Why are there so few fish in the Earth's oceans?

Feb 08, 2012
Image credit: Patrick Lyons

(PhysOrg.com) -- A Stony Brook University researcher has found that, contrary to popular belief, there are not plenty of fish in the sea.

In an article entitled “Why are there so few fish in the sea?,” published on-line this week in the Proceedings of the Royal Society B, John J. Wiens, Ph.D., an Associate Professor in the Department of Ecology and Evolution at Stony Brook University, addresses why the oceans contain only 15-25 percent of all of Earth's species even though they cover about 70 percent of Earth’s surface.

Dr. Wiens and student Greta Carrete Vega examined the evolutionary and ecological causes of the low species numbers of marine environments by studying the biodiversity of ray-finned fish, the most species rich group of marine vertebrates, containing 96 percent of all fish species. They performed analyses using evolutionary trees based on molecular data and fossils, and using a large database on the habitats of nearly all living fish species.

The study found a surprising difference in diversity between and saltwater habitats.

“There are more fish species in freshwater than in saltwater habitats, despite the much greater area and volume of the oceans,” he said, noting that freshwater environments occupy only about 2 percent of the Earth’s surface. “More remarkably, our results suggest that most marine fish alive today are descended from freshwater ancestors (even though fish and animals in general first evolved in the oceans).”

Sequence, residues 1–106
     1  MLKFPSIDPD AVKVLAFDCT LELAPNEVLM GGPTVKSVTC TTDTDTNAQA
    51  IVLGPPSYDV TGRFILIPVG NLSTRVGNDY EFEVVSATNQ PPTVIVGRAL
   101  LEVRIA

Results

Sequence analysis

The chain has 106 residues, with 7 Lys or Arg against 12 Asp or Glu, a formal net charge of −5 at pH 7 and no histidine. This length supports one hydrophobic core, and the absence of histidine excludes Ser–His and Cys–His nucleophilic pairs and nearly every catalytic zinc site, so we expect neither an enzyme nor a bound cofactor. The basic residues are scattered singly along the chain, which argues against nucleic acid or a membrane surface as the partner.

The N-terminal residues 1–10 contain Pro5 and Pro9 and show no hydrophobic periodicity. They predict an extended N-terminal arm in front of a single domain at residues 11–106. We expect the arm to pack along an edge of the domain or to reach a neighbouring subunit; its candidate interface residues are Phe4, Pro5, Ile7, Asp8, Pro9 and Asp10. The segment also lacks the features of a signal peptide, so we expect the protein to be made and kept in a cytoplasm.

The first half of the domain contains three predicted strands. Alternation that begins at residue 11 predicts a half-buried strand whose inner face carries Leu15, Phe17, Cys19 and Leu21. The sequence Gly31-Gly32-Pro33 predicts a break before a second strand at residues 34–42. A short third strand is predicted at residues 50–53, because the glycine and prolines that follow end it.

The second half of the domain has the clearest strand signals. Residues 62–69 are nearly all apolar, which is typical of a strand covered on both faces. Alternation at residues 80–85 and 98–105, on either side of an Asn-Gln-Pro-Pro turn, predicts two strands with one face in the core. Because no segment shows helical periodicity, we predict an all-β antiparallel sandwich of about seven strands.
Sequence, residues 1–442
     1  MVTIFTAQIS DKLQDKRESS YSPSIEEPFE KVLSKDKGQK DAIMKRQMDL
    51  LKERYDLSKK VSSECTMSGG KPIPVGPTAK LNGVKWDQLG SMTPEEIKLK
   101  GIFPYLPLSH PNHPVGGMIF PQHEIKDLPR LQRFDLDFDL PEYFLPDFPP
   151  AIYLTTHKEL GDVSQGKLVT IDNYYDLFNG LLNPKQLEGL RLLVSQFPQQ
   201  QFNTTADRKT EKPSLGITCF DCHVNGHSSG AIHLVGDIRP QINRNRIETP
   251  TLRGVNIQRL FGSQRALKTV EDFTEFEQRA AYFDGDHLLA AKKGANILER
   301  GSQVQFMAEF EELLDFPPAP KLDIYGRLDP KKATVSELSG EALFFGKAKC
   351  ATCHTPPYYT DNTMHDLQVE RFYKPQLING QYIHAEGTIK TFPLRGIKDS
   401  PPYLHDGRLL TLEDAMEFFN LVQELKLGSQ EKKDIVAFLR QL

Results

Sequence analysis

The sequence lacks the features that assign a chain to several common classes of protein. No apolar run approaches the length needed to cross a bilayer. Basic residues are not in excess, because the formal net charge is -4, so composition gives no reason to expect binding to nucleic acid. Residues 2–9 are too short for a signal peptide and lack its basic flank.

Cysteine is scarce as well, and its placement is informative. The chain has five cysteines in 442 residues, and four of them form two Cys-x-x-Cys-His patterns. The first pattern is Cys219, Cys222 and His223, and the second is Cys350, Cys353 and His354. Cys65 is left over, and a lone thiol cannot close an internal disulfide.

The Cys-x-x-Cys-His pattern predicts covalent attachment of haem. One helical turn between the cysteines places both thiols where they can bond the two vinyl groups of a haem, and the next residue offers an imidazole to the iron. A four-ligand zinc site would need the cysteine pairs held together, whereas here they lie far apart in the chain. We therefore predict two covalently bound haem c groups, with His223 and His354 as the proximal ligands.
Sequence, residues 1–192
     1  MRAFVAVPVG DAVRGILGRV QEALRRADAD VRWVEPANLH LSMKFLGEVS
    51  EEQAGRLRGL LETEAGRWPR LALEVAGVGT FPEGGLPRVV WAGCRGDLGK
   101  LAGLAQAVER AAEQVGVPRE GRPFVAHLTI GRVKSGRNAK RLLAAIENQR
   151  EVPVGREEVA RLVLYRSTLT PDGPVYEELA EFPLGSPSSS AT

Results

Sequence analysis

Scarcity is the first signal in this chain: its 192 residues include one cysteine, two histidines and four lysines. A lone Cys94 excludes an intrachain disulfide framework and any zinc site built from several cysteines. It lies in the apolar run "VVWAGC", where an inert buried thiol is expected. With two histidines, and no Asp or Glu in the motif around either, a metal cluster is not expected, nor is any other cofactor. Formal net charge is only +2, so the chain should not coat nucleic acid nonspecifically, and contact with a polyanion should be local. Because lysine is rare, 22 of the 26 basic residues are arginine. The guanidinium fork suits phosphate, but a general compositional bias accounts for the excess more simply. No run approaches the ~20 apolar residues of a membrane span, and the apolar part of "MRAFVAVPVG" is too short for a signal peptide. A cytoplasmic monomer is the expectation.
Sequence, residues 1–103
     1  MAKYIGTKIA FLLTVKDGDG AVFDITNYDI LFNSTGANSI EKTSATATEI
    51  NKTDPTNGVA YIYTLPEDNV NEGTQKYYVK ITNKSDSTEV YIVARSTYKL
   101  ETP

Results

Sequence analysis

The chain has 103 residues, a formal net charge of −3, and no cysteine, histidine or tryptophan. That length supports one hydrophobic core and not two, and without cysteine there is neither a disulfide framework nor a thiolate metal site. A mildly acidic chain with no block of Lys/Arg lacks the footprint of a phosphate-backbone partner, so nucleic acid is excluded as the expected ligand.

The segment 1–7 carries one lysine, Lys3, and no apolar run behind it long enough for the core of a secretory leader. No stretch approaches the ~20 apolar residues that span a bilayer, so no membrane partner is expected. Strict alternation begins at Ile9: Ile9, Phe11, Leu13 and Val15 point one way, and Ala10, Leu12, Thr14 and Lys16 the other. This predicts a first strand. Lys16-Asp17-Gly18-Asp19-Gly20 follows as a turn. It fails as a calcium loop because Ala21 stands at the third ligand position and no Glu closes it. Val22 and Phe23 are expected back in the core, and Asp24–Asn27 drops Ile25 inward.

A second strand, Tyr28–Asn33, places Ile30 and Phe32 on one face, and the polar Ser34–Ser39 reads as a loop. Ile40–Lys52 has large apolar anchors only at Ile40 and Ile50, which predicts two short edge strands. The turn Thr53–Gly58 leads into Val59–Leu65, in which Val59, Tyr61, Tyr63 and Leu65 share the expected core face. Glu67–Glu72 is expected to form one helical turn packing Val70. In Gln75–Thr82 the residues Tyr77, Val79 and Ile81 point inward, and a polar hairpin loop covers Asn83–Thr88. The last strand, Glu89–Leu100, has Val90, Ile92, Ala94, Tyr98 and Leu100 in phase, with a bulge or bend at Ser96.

The authors hypothesized that extinctions in marine habitats, hundreds of millions of years ago, may help explain the low present-day diversity of .

“Our results suggest that ancient extinctions in the marine environment may have wiped out the earliest ray-finned fishes living in the oceans, that the oceans were then recolonized from freshwater habitats, and that most marine living today are descended from that recolonization (leaving less time for biodiversity to build up in the oceans),” he said. “This pattern of ancient extinction and more recent recolonization may help explain why the oceans are now so species-poor, even for fish.”

Explore further: Museum workers pronounce dobsonfly found in China, largest aquatic insect

More information: Paper online: rspb.royalsocietypublishing.or… 02/02/rspb.2012.0075

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verkle
1.3 / 5 (47) Feb 08, 2012
Confusing title. People would think just by the title that there are few fish in the ocean. But what the article says is that the number of species is lower than some scientists thought.

Why do the authors think that they have to bring in the uncredited thinking of evolution into this discussion. Some scientists should rather think out of that mold, and entertain other possibilies for the history of life.

AgentOfFate
4.1 / 5 (31) Feb 08, 2012
Confusing title...Why do the authors think that they have to bring in the uncredited thinking of evolution into this discussion. Some scientists should rather think out of that mold, and entertain other possibilies for the history of life.

There is no such thing as the uncredited thinking of evolution, just as there is no such thing as an uncredited scientific fact, its an oxymoron. Even if all of the bones and fossils at a scientist's disposal were not enough to convince him/her of evolution, the DNA and molecular evidence for evolution is astonishing in the sense that it is truly overwhelming in favor for the 'theory of evolution'--a title we only reluctantly, and at this point unnecessarily, use to describe the history of life on this planet.
kochevnik
3.6 / 5 (25) Feb 08, 2012
Some scientists should rather think out of that mold, and entertain other possibilies for the history of life.
Your christopathic sock puppets will be banned again, Heinrik. Kudos to the editors and moderators.
mrlewish